U.S. Dept. of Energy to Set New Efficiency Standards
A recent agreement aims to improve the energy efficiency of major electrical appliances across the nation. In an agreement with an 11-member coalition including Massachusetts, New York and Connecticut, the U.S. Department of Energy has committed to a schedule to update its standards for electrical equipment. The agreement requires the department to set new, national standards for walk-in coolers and freezers, metal halide lamps, commercial refrigeration equipment, and electric motors. One member of the coalition is Connecticut’s Department of Energy and Environmental Protection. Deputy Commissioner for Energy Katie Dykes says this initiative was highlighted in President Obama’s Climate Action Plan in June.
“It will really level the playing field so that products that have high operating energy costs will be phased out and there will really be an incentive developed to reward companies that develop innovative new products that have better energy performance," said Dykes.
The American Council for an Energy-Efficient Economy estimates that the stricter standards could reduce electric consumption by an estimated 44 terawatt-hours per year by 2035, an amount equivalent to the energy used by about 3.8 million homes annually. Dykes says the U.S. Department of Energy will do a cost analysis and seek public input on how expensive it will be to develop new products to meet the updated standards.
“While there may be an increased cost for the product itself there are also corresponding reductions in the cost of operating the product," she said. "So when you balance that equation out we see that the net result is tremendous savings for consumers.”
John Kelly is the President of Kelly’s Package Store in Dalton. He says his liquor and beer store, which houses walk-in coolers, wouldn’t need new appliances, but says the costs might be hard to swallow for businesses that do.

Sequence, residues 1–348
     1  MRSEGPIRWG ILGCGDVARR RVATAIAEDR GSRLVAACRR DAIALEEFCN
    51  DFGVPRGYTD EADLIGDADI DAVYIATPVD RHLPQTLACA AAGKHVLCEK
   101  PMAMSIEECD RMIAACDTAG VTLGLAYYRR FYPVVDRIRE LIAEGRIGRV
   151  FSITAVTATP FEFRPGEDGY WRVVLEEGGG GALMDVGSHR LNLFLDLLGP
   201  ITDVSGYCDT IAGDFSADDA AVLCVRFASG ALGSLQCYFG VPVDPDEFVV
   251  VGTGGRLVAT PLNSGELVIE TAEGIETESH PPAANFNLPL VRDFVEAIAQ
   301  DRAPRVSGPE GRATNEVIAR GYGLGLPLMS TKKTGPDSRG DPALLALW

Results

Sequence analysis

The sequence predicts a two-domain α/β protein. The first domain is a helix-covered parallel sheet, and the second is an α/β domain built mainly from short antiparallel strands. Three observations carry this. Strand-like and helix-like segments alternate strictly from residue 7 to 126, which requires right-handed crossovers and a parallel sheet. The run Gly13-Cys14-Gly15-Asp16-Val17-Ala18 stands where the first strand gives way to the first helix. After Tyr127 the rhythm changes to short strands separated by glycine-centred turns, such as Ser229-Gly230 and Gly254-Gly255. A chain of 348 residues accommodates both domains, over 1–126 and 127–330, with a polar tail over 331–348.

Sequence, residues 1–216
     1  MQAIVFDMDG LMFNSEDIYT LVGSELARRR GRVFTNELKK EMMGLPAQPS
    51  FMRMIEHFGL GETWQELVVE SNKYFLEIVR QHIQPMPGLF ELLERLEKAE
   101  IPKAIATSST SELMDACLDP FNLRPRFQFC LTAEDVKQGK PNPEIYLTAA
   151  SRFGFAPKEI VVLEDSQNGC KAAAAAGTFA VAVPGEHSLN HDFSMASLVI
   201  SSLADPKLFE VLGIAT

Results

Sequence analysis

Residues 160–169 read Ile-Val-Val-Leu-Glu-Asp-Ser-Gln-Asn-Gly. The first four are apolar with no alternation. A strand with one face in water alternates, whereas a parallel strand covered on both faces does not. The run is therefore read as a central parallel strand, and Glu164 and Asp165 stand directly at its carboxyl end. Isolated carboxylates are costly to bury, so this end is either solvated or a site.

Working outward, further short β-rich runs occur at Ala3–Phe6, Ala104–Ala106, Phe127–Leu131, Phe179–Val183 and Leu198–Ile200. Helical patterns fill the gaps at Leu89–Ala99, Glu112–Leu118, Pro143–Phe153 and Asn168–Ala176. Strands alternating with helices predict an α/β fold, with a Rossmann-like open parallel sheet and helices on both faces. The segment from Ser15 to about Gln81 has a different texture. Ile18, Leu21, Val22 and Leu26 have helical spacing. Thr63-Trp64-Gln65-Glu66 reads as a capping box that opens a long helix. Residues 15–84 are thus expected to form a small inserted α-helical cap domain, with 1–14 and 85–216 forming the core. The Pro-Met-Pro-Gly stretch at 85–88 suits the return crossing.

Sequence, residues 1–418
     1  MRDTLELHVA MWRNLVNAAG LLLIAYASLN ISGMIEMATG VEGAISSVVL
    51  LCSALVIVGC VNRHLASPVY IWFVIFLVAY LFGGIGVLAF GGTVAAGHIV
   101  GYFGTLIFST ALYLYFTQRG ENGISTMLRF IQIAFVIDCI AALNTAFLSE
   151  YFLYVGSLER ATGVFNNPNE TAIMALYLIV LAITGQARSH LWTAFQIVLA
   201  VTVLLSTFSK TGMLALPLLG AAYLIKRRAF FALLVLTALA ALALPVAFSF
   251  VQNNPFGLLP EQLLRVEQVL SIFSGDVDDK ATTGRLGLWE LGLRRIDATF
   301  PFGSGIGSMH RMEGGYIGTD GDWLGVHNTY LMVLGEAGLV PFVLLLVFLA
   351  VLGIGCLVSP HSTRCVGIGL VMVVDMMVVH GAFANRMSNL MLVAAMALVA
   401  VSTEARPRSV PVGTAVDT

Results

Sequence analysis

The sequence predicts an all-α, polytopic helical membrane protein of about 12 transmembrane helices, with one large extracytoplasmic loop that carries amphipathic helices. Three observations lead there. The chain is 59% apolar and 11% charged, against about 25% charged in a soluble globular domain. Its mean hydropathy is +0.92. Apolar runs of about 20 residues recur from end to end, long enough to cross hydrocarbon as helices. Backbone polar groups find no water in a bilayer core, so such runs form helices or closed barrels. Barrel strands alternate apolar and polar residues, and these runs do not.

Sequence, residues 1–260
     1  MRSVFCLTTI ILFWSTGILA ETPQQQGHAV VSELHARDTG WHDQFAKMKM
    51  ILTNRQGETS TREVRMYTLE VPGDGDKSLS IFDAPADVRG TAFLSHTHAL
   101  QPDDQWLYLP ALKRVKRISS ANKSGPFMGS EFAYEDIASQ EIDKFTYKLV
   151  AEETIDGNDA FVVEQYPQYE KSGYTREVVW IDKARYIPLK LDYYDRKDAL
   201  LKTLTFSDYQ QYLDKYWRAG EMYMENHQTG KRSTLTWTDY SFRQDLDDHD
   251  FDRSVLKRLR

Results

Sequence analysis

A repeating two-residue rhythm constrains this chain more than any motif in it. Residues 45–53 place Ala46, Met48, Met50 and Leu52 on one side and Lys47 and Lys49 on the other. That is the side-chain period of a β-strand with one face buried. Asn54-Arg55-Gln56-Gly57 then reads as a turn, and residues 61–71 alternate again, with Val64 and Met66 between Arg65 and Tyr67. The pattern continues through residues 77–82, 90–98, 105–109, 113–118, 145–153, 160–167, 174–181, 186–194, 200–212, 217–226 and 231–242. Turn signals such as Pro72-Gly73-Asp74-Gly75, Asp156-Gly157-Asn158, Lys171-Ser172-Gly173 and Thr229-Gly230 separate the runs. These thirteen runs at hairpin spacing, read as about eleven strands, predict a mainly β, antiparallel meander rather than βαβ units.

“In today’s economy where nobody’s doing well in Berkshire County, you’d have to put in a window for people to phase in that type of expense," said Kelly.
The council estimates consumers and businesses nationwide could save $156 million per month and $3.8 billion annually in energy costs by 2035. The total energy savings by 2035 would be enough to supply all of the energy needs in the United States for three weeks.
The new standards would also slash air pollution, reducing the emissions of carbon dioxide by more than 26 million metric tons annually, equaling the output of six coal fired power plants. Nitrogen oxides would be reduced by more than 19,000 metric tons and sulfur dioxide, which causes acid rain, would be cut by 37,500 metric tons.
The DOE is required by Congress to review energy efficiency standards for a wide range of appliances under the Energy Policy and Conservation Act passed in 1975 in response to the 1973 oil crisis. The department’s deadline for walk-in coolers and freezers as well as metal halide lamps was 18 months ago. The deadline for commercial refrigerators and electric pumps ended seven months ago.
“It’s critical the DOE stay on track and issue these in a timely manner," said Dykes.
Dykes says the DOE has proposed a new standard for metal halide lamps which is ahead of schedule. The department will propose new rules for walk-in coolers and commercial refrigeration equipment by the end of the month. Standards for electric motors will be proposed in November. Final rulings will begin in January.